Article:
Rival troops build up in Sudan's Abyei: satellite
KHARTOUM (Reuters) - Troops linked to north and south Sudan have taken up new positions in the contested Abyei region, according to satellite monitoring, raising fears of an escalation of violence.
Analysts say fertile and oil-producing Abyei is one of the most likely places for conflict to erupt in Sudan as the country prepares for the secession of its south, due on July 9.
More than 100 people died in clashes between groups aligned to either side last week, the southern army said. Washington said on Wednesday the violence was "unacceptable" and urged northern and southern leaders to reach a quick deal.
Southerners, who mostly follow Christian and traditional beliefs, voted overwhelmingly to declare independence in a January referendum promised in a 2005 peace deal that ended decades of civil war with the Muslim north.
Residents of the Abyei border region were promised their own vote on whether to join the north or south on the same day.
But that vote never took place due to disagreement between northern Arab Misseriya nomads and the south-linked Dinka Ngok group over who was qualified to vote.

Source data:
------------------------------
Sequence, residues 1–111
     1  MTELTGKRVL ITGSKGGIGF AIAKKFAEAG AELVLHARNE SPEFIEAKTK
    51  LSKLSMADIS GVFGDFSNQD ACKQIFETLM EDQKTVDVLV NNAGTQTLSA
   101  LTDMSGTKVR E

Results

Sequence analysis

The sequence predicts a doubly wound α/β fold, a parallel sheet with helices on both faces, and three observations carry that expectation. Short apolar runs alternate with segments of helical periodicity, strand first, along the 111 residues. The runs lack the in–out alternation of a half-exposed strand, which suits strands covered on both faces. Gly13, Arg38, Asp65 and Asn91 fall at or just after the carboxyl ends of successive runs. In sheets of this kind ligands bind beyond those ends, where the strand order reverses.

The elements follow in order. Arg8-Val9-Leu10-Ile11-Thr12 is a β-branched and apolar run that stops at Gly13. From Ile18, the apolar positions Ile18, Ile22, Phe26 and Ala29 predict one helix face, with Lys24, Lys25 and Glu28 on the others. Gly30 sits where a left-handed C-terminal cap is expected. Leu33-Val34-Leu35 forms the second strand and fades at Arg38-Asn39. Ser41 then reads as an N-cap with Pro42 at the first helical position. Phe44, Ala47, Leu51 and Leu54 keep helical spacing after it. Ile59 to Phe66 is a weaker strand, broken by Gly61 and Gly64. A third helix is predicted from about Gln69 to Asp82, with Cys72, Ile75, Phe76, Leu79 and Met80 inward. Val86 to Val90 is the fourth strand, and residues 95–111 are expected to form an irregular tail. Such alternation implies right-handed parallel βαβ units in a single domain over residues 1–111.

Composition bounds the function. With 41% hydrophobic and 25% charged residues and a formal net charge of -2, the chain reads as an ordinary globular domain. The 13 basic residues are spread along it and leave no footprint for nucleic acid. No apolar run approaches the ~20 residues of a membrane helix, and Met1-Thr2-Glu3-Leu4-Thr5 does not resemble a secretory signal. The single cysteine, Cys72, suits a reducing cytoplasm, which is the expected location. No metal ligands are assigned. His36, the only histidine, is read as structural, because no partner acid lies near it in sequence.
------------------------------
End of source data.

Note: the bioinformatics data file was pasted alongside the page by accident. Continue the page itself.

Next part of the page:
Satellite images showed armed men had moved to new frontline positions in Abyei where they had built up forces and dug in, according to a statement from the Satellite Sentinel Project, set up by actor George Clooney and other activists.
Southerners have accused the north of arming the Misseriya and using its allied Popular Defence Force militia to raid inside the Abyei area and burn down thee villages last week.
The north's army and ruling National Congress Party (NCP) have dismissed the accusations and accused the south of sending in soldiers disguised as police officers -- an allegation denied by the south. Continued...